"There are two worlds of magic. One is the glittering domain of the illusionist. The other is a secret place, where magic is a terrifying reality. Here, men have the power of demons. And Death itself is an illusion." ~ from 'Lord of Illusions'
“The Last Illusion” is a short story written by none other than author and film director Clive Barker and is part of a collaboration of horror stories from Volume 6 of his book, “Books of Blood.” Barker had also written the screenplay for the movie, “Lord of Illusions” which was very loosely based on his short story.
Why do I say ‘loosely’? Well, in contrast to his novella, “The Hellbound Heart,” and his movie “Hellraiser,” of which had such minor differences between the two that it was hardly worth mentioning, “Lord of Illusions” was very different from the short story. Aside from some of the character names remaining the same, both the story itself and the dynamic between the characters were significantly changed for the big screen.
Like “Hellraiser,” I saw the movie first before I actually read the book "The Hellbound Heart" I had thoroughly enjoyed both! Although, I must admit that “Lord of Illusions” with its’ very different storyline, gave a better insight into the characters which actually were included in the book. For instance, the magician Philip Swann (played by Kevin J. O’Connor in the movie) was killed off within the first two pages of the story in the book, and further, did not die from an illusion gone horribly wrong as in the movie version. Furthermore, he fakes his death in order to protect his wife Dorothea (played by Famke Janssen) from Nix (Daniel Von Bergen) seeking his revenge on them for shooting, binding, then burying him "so deep that no one will ever find him." Dorothea was not the little girl who, in the beginning of the movie, was kidnapped by occult madman Nix (aka “The Puritan”) and years later married Swann ~ one of Nix’s ex-occult followers who helped saved her life. Instead, she is said to be a former prostitute in the book.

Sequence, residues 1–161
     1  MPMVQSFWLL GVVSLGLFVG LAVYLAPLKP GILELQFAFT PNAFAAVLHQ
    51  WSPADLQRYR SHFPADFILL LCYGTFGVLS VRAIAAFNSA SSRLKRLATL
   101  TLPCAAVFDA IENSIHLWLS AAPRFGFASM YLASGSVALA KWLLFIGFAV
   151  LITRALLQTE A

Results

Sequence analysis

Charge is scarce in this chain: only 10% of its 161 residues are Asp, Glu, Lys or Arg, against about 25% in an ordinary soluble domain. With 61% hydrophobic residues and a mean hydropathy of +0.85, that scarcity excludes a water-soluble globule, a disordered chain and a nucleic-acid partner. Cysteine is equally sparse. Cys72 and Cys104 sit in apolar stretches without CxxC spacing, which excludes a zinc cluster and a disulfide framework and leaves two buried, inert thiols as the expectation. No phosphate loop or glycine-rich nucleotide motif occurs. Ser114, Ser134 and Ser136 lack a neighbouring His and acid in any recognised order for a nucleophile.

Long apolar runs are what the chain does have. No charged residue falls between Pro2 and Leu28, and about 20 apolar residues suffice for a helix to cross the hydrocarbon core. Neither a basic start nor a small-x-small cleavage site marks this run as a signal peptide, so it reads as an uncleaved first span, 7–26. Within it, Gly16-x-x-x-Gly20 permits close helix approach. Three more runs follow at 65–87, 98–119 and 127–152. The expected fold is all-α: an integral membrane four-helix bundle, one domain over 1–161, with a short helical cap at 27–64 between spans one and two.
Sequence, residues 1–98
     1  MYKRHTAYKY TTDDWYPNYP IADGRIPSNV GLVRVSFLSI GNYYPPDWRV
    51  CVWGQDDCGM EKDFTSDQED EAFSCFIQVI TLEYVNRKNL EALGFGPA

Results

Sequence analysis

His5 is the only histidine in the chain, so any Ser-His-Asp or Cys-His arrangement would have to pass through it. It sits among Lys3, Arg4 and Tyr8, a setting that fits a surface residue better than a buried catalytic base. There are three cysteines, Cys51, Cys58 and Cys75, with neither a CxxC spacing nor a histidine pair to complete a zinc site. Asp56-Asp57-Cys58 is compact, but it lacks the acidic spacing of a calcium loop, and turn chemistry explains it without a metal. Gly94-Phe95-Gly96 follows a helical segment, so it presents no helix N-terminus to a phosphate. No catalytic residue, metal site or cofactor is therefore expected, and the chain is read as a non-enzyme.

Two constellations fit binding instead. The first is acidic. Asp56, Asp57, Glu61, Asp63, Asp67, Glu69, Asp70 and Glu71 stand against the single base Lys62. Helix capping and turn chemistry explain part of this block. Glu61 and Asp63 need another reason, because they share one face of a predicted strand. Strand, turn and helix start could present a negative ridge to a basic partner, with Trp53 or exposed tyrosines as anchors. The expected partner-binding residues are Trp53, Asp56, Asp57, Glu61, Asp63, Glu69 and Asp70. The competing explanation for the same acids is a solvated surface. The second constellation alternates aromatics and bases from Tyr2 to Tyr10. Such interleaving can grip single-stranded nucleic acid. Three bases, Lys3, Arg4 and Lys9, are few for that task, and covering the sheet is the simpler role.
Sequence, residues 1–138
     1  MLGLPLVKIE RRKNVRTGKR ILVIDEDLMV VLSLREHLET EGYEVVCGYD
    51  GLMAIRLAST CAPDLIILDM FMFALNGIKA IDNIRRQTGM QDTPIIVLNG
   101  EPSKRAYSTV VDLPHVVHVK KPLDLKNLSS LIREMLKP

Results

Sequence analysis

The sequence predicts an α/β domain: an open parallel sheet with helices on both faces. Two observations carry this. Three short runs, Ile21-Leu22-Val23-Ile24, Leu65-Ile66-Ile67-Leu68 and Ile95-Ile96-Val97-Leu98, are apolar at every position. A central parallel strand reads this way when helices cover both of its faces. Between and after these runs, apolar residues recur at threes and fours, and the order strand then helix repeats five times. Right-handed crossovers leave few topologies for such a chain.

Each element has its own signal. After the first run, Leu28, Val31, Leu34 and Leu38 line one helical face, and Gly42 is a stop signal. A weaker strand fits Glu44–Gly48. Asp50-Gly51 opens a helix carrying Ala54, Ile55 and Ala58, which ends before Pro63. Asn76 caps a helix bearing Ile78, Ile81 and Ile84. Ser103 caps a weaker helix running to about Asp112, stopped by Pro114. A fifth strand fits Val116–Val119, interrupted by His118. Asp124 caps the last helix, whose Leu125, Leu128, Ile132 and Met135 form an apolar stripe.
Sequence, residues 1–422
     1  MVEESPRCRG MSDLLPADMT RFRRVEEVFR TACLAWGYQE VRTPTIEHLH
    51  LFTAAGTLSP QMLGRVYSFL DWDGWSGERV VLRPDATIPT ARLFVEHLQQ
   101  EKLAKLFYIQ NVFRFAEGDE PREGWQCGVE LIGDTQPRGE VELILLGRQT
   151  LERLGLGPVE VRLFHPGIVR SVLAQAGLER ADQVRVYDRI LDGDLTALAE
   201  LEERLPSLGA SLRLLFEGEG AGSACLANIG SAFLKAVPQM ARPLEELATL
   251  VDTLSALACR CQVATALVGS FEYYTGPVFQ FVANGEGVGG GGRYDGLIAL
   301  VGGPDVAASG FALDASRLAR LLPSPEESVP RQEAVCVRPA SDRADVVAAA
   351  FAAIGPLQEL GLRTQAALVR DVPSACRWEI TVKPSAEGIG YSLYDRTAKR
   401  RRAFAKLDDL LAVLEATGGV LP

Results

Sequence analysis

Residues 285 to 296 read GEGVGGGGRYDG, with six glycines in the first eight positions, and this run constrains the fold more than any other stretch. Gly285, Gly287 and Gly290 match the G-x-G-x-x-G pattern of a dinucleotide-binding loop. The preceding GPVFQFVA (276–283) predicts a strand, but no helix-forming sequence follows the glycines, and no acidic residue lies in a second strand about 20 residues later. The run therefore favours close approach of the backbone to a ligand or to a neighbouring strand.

On the other hand, the troubled detective, Harry D’Amour, (as played by Scott Bakula) was taken from a recurring character of Clive Barker’s and is found in some of his other writings as well. In the book D’Amour is attracted to Dorothea (as in the movie version), but they never have a relationship other than detective-client. Another substantial difference are the characters of Nix and Butterfield, an avid follower of Nix and the movie’s catalyst in bringing back Nix from the “dead.” To start with, there is no such character named “Nix” in the book ~ only in the movie. And, Butterfield was Dorothea’s antagonist lawyer in the book version.
As with the novel, “The Hellbound Heart,” both the book and the movie offer us something captivating and exciting as only Barker can. And, although I do usually prefer that the two medias resemble one another as closely as possible, Barker does a wonderful job adding new characters to his changed storyline. Furthermore, he takes a 70-some page short story and turns it into a wonderfully successful and entertaining motion picture! As far as the barely recognizable storyline is concerned ~ Hey, it is his story both on and off screen and he can do what he wants with it. Most especially because he knows what he is doing and how to do it so very well!